Historically, women have been unfairly seen as the weaker sexi They have been seen as physically and mentally inferior compared to men. and consequently have been denied rights and privileges that men had. Gender roles for women were subverted in the WWII era, however, as America’s men headed off to war. While women were expected to stay home in the kitchen before the war, a labor shortage brought on by the draft led the government to run propaganda campaigns urging women to work in wartime industries.
This gave women the opponunity to leave the house to take up jobs previously reserved for men. Millions joined the workforce to help the war effort, working on assembly lines, in email moms. and over 300,000 women joined the armed forces; the first war in which women could officially join. The newfound freedom of America’s women only lasted through the war, however, and many were forced to go back to their “natural” role as housewives.
even if they wanted to continue working.
The end of WWII sparked the beginning of the Baby Boom. and women were expected to become full-time housewives while their husbands worked to support the family The taste of freedom from gender roles that women were given during WWII set the stage for the women‘s rights movement. which impacted American culture by helping them gain the rights to make their own decisions The first impact women had on American culture was they gained the right to birth control. Contraceptive rights have been debated in the Supreme Court before.
and two landmark cases against the restriction of birth control were Griswold V Connecticut in 1963 and Roe V. Wade in 1973.
In Griswold V. Connecticut. Estelle Griswold, a Connecticut Planned Parenthood League executive, and Dr C. Lee Buston of Harvard Medical School were both arrested, found guilty, and fined for providing binh control advice to married couples. This violated a Connecticut law outlawing ”any drug. medicinal article. or instrument for the purpose of preventing conception.” The case was taken to the Supreme Court. where it was mled that the Constitution‘s first, third, fourth, and ninth amendments created a right to privacy that state laws could not violate, In Roe V. Wade, Jane Roe sought to have an abortion, but Texas state laws prevented women from having an abortion except to save their own life. The law was challenged in the Supreme Court, where the decision tied into the decision reached in Griswold V. Connecticut that citizens have a right to privacy. While second and third-trimester abortions were still somewhat regulated under law due to health risks to the mother, first-trimester abortions were strictly for the doctor and patient to discuss.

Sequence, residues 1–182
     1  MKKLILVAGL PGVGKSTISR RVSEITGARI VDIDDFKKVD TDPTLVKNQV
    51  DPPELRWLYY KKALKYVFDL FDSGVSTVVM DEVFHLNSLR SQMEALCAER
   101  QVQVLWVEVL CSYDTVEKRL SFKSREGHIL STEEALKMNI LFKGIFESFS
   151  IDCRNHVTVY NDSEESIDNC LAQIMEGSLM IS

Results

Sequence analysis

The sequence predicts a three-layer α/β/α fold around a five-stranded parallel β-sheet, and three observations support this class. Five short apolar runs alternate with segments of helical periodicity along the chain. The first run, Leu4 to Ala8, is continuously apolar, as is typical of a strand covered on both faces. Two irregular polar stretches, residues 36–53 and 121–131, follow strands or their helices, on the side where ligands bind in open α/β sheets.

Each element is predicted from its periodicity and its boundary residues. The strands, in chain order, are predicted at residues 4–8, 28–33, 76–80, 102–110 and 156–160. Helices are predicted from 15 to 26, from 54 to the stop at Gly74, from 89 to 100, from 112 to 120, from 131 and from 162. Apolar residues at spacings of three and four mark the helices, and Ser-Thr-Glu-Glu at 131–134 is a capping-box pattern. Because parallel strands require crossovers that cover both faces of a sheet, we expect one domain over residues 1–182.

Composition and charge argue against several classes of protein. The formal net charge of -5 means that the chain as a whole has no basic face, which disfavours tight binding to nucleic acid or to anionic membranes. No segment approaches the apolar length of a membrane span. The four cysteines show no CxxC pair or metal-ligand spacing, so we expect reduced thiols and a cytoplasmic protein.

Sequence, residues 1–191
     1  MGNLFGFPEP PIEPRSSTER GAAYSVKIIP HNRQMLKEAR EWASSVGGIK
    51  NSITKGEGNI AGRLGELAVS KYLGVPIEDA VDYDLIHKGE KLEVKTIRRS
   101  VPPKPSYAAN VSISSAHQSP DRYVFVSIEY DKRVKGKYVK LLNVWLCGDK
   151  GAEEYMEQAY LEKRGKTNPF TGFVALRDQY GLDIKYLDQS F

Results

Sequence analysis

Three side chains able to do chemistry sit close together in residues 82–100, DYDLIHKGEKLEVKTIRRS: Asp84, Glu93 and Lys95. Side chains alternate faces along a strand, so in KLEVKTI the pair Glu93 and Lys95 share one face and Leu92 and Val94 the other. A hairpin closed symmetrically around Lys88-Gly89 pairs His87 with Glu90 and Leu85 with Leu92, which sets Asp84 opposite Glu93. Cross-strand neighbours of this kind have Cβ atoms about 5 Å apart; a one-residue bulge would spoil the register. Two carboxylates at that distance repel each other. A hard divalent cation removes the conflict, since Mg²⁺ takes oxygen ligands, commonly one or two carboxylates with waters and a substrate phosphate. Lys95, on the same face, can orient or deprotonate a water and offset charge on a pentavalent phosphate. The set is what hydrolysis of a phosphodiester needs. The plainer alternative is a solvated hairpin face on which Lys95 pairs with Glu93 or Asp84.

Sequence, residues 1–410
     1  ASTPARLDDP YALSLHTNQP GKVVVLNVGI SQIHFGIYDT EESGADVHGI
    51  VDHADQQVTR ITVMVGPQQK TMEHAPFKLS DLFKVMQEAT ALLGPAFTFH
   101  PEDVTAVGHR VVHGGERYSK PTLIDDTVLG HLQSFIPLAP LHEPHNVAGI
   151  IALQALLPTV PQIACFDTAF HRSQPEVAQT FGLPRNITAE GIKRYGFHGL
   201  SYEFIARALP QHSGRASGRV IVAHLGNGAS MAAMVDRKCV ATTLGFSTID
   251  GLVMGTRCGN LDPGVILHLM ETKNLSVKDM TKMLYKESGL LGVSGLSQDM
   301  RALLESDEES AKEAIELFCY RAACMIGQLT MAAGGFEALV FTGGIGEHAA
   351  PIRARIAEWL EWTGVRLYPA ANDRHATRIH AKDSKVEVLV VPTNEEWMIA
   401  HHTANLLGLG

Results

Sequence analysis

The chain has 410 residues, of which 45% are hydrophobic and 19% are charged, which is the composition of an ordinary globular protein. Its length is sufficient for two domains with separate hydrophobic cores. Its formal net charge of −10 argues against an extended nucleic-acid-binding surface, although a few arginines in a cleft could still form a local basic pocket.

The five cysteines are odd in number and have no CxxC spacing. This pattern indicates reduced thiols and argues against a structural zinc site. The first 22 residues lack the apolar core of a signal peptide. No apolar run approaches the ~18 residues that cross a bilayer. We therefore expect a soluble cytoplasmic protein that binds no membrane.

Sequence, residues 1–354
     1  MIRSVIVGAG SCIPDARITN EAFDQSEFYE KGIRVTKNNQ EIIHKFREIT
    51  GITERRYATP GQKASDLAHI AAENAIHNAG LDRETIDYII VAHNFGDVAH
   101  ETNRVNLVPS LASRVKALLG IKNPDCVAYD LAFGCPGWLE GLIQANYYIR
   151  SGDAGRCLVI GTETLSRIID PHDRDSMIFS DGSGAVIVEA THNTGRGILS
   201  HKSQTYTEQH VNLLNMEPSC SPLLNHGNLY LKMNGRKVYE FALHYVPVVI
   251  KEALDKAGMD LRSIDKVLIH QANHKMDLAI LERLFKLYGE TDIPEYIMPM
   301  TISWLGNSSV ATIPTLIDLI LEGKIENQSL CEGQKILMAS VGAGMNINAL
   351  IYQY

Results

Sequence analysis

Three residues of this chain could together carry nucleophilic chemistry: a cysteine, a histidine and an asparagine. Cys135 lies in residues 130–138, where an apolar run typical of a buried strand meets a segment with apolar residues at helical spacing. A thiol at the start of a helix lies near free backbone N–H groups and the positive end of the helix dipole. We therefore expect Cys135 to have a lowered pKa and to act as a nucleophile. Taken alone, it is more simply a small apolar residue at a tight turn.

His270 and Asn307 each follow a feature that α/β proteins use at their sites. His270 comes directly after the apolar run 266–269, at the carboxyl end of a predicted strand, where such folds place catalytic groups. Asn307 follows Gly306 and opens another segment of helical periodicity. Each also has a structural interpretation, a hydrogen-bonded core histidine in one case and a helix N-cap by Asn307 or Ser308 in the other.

These two cases let women exercise the rights to control their own bodies, and the right to keep the basic right to privacy in their personal lives. Another impact of women on American society is that employers can no longer discriminate against applicants based on their gender. On October 3, 1967, President Lyndon B. Johnson signed Executive order 11375, which banned discrimination based on gender when employing workers. Previously, race, national origin, and religion were all protected classes. Executive Order 11375 amended these to add sex as a protected class. The signing of this order gave women the ability to become employed without having to fear being discriminated against because of their gender, and allowing them to be considered as equally as a man would. The third way women have impacted American society is that they became allowed to serve their country.
On January 24. 2013. Secretary of Defense Leon Panetta lift the military’s ban on women in combat. [t has previously been ruled that women could not be in combat roles, even though women have already found themselves in the front lines “temporarily”, and many have been killed in combat. Women before the ruling have already made up 14% of the active military, out of 1.4 million. While integration of rules is still ongoing, and not all positions will be available to women, the new ruling officially recognized women that risk their lives for the country, and the opportunity was given for other women to sign up and protect the country. The fact that women fight on the front lines is a sign that they can be just as mentally and physically capable as a man. and goes against the prejudice that women are incapable of fending for themselves